considerably to the expansion in employment. On a small scale at first but in ever-increasing numbers, especially since the Second World War, agricultural laborers and small peasants migrated during part of the year from the south Gujarat villages to the environs of Bombay. They worked there in the dry season—the period between November and the end of May—in salt-pans and brickyards in the open air. It might therefore be concluded that the Dublas felt less and less attracted to agricultural servitude. The same line of thought led to the observation that they no longer relied on the support of the landlords who enabled them to marry; it should be borne in mind that precisely the essence of the hali system has been deemed to be the necessity for the hali to take a "loan" for that purpose. The Dublas began to feel that complete dependence on the master, which they formerly accepted as security, was a heavy burden. This is the tenor of reports in which the disappearance of the hali system is attributed to increased mobility of the Dublas. Conversely, of course, the risk of losing money lessened the landlord's inclination to take on new halis. Another indication in this direction is that at one time the Anavils advocated the introduction of workcards in order to prevent a farm servant from leaving his master without permission.26 The disintegration of the hali system can undoubtedly be interpreted in various ways. Some authors are inclined to put the stress on the inability or unwillingness of the Anavils to take farm servants into their employ. Others think it was the Dublas who, against the will of the landlords, withdrew from the traditional service relation. In both cases, however, the explanation of the disappearance of bondage is a purely economic one: a change in the situation which determined the demand for labor or, conversely, the need for work. The available data show unmistakably that, economic changes aside, factors of a politico-social nature played a role. The traditional relationship between master and servant was increasingly undermined by external pressure. In the first place, the elements of coercion inherent in the hali system were no longer thought to conform with principles of good colonial government. Although nineteenth-century reports never glossed over the lack of freedom of the halis, the judgment of administrators in the present century was more harsh. They compared the halis to pre-Civil War plantation 25. Memorandum by Rao Saheb B. M. Desai to the Royal Commission Agriculture in India, 1927, vol. II, pt. 2, 577, 601.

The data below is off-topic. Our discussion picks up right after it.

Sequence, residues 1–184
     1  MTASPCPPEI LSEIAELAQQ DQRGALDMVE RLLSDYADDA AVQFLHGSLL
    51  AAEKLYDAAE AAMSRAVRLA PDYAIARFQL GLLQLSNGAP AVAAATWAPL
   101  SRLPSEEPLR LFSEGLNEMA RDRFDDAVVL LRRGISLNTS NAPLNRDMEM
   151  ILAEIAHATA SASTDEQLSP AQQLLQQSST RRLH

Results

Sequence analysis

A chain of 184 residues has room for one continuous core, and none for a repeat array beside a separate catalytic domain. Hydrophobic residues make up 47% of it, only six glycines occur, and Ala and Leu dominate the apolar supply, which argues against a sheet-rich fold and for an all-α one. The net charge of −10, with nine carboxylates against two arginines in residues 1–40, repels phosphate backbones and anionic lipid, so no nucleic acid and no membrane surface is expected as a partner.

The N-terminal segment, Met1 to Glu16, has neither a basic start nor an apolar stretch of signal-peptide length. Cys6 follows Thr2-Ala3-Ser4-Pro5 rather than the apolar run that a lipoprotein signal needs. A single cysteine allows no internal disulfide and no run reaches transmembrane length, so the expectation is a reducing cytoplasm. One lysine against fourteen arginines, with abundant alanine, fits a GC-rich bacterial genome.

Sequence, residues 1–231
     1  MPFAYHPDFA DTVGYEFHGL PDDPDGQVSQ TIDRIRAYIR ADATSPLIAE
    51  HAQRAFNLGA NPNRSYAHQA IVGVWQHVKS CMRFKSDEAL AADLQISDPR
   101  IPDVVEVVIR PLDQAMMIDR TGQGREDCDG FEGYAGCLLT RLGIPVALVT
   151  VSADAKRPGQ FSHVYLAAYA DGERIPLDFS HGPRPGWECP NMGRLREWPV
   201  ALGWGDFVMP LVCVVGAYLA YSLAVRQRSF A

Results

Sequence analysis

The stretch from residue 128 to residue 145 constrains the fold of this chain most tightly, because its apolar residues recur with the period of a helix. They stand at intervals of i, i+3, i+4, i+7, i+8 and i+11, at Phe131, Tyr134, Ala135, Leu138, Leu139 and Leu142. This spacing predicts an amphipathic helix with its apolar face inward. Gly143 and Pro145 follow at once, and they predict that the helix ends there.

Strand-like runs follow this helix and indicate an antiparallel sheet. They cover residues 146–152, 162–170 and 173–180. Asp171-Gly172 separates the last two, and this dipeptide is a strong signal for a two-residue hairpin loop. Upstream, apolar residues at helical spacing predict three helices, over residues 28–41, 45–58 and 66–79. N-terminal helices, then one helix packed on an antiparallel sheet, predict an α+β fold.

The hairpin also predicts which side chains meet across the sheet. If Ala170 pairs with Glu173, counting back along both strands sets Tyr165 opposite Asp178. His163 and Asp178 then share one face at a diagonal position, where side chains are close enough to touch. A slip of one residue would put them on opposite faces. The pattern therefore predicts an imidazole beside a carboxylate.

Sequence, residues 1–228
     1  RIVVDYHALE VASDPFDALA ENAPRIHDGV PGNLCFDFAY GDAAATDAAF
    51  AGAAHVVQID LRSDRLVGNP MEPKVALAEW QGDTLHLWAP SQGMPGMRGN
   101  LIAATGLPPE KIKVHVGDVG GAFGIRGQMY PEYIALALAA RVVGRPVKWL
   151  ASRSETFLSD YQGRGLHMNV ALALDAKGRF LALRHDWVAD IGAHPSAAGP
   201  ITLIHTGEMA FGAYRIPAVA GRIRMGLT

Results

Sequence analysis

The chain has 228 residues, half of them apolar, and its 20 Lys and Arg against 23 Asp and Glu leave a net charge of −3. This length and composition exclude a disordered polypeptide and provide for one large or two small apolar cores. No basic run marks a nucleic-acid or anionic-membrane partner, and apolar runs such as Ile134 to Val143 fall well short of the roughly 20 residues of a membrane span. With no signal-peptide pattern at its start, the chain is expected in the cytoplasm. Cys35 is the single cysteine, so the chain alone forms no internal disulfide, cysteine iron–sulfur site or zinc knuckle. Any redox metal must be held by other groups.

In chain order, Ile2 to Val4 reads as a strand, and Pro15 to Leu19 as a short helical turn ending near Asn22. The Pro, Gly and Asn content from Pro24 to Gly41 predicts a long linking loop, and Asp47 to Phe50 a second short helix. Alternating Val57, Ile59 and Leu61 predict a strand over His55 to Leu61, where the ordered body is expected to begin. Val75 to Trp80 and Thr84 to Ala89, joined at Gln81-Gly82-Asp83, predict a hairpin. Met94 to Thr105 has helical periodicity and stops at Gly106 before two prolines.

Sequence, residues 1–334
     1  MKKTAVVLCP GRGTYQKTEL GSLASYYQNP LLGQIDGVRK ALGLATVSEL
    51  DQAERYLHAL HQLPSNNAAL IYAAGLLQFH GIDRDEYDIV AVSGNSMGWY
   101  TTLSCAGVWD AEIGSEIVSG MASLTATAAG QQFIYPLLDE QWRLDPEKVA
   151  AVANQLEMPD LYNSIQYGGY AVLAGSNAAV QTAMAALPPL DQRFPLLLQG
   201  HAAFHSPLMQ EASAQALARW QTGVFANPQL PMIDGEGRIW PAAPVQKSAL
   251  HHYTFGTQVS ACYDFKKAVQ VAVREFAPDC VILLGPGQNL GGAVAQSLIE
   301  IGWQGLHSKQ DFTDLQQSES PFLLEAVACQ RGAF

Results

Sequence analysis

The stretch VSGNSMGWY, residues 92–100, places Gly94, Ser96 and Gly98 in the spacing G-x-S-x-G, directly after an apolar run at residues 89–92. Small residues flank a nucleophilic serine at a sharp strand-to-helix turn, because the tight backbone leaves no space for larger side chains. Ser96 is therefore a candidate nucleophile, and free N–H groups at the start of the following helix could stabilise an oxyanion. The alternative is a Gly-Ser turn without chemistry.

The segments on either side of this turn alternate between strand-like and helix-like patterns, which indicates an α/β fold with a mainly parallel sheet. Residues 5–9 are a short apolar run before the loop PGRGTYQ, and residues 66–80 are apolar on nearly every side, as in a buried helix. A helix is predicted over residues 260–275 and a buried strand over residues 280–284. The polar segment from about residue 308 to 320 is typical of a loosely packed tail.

slaves in the southern United States.28 In the state of Baroda in 1923, it was announced that to force laborers who were indebted to a landowner to perform labor in compensation was prohibited.27 As for the British part of south Gujarat, the hali system was never prohibited there officially, but local officials were forbidden long ago to assist in tracing runaway farm servants. We should of course not delude ourselves that this regulation was carried out. In practice the Anavils could always count on the help of the lower government officials. It is therefore not surprising that an official prohibition such as that issued by the state of Baroda was not very effective either. A man refusing to give his work, for which he has taken a loan is sometimes improperly prosecuted for cheating; and I regret to say that magistrates have sometimes taken a strangely perverted view of such prosecutions.28 Yet the fact that the landlord could no longer legitimately appeal to the local authorities when a farm servant had deserted him is of some importance. As I explained in chapter 3, the bureaucratic apparatus gradually became a little less susceptible to the interests of the Anavils. Thanks to the recent centralization of administrative decision-making on the district level or higher, the arbitrary activity of lower government officials—themselves often Anavil Brahmans—was increasingly weakened. While, formerly, to favor their own relatives and fellow caste members was a perquisite of their authorized position, Anavils who now wished to take advantage of their official standing for this purpose were guilty of unlawful actions.28 As landlords the members of this caste remained dominant in the region, but the increasing bureaucratization of local authority inevitably led to a lessening of their authority. Those who had acquired a position in the government apparatus now had fewer opportunities to give priority to the interests of their own group than they had fifty years earlier. The diminishing influence of the Anavil Brahmans is, for instance, apparent from their vain attempts to persuade the government to take measures against runaway halis. Their spokesmen ar26. Census of India, 1921, vol. i n , pt. 1, 220. 27. Census of Indie, 1931, vol. XIX, pt. 1, 255. 28. Symington, n.d., 50. 29. "Several cases have been recorded in which the Dhaniamo employed the agency of the Government under the old regime for the purpose. It is only recently that the farmer's position has weakened in this regard." Report of the Hali Labour Enquiry Committee, 24.